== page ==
herald

Tuesday 17 October 2017

Gran wins €7,500 compo for needle injury at charity shelter

Joan O'Leary was injured
Joan O'Leary was injured

A former resident of the Salvation Army's Granby Lifehouse for homeless people has been awarded damages, arising from a needlestick injury, against the charitable trust.

Joan O'Leary (58), now of St Peter's Court, Phibsborough, Dublin, said a needle and syringe stuck in her hand while she was cleaning her bedsit.

The grandmother told the Circuit Civil Court yesterday that she injured herself while cleaning a leather chair in her apartment at the shelter.

"I had been using baby-wipes to clean the chair and put my hand down the left-hand crevice in the chair where I found charred tinfoil and condoms."

She found the same items on the right-hand side of the chair.

"Then I felt a stab and pulled my hand out. A needle, with a syringe attached, was sticking in the palm of my hand so I covered my hand and the syringe with tissue paper and went down to reception to report it."

Ms O'Leary said staff called an ambulance and she was taken to the Mater Hospital. When the ambulance had first arrived the needle and syringe was removed from her hand and she was given an injection and blood test before being taken to accident and emergency.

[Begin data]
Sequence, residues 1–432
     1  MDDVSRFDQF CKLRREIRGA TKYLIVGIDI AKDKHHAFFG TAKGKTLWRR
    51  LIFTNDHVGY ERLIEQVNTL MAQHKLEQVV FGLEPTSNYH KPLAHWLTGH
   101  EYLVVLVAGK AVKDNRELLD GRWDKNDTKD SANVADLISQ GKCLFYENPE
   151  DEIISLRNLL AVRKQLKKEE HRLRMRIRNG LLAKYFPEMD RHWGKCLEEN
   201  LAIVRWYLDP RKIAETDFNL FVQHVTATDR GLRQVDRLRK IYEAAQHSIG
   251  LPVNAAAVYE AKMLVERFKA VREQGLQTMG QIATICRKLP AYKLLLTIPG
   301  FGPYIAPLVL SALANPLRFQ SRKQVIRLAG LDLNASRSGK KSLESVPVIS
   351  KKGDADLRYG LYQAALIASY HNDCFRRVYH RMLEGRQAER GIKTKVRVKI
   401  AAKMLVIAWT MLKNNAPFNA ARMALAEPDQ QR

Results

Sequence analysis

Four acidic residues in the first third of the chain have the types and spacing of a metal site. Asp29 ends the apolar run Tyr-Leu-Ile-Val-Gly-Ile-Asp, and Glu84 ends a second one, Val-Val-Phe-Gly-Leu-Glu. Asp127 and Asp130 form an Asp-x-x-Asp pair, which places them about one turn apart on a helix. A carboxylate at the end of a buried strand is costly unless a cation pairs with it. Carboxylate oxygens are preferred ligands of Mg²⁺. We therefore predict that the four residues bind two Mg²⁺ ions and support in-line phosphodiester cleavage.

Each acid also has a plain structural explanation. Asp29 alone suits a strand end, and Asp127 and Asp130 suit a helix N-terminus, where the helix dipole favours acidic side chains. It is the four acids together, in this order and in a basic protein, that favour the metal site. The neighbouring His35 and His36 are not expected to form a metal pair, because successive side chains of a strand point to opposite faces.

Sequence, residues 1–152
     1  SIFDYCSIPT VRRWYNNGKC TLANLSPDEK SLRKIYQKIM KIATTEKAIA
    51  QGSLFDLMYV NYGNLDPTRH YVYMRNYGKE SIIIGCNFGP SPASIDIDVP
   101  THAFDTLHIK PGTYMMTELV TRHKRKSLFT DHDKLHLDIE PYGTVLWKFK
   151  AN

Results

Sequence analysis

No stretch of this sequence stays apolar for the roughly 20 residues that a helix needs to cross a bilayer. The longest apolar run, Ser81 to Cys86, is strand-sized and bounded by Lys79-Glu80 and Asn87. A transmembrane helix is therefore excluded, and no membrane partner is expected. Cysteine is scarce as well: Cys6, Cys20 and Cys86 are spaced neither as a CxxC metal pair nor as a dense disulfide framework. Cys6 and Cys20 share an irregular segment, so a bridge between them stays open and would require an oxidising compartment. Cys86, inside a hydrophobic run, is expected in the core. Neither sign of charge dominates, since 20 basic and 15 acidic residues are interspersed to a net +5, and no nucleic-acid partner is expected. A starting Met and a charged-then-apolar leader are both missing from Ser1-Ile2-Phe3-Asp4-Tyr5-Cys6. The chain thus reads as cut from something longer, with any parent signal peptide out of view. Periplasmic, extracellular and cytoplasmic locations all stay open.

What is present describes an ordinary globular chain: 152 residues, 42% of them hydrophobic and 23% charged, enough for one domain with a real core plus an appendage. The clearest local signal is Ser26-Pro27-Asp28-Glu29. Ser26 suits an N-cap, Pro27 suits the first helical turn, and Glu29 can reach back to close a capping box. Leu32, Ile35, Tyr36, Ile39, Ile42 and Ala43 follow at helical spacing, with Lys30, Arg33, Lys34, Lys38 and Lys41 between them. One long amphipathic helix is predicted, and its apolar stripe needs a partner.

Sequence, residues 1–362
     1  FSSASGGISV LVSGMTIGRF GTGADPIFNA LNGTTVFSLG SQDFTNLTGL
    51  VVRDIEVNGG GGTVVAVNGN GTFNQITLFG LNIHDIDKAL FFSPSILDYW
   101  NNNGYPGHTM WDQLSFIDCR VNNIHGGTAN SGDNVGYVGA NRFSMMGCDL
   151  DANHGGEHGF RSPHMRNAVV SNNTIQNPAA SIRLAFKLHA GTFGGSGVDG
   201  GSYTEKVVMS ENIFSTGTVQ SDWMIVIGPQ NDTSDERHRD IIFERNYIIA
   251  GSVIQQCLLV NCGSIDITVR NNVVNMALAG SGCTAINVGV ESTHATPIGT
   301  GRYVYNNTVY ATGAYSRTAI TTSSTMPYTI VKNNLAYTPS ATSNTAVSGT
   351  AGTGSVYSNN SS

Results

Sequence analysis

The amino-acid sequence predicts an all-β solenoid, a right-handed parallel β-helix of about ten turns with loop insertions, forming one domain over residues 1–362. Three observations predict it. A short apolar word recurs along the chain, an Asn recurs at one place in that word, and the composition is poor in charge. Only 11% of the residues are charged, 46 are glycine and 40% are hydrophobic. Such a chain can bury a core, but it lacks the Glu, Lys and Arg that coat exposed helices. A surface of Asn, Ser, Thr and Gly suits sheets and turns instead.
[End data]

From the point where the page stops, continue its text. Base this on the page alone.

Infectious

Ms O'Leary said she had panicked because she knew the previous occupant of her bedsit had been a heroin addict.

"I received the all-clear from the hospital about a month after the incident but I didn't believe them. I felt I was still at risk of contracting an infectious disease," she said.

Ms O'Leary sued The Salvation Army (Republic of Ireland) which has its registered office in Marlborough Street, Dublin and was the owner and operator of The Granby Care Centre.

Judge Raymond Groarke, awarding her €7,500 damages and court costs, said there was no contest in the case.

"I find the plaintiff's account an entirely probable explanation of what occurred and I believe what she has said," the judge added.

Judge Groarke said he accepted there was an onerous obligation of care on the occupier that had not been met in this particular case and he was sorry to have to say that, given the most excellent work done by the Salvation Army.

He said Ms O'Leary was a somewhat vulnerable lady with a lot of problems in her life and had not believed the advice of medical experts when given the all clear.

She had a job convincing herself and her perception, while erroneous, was a genuine one.

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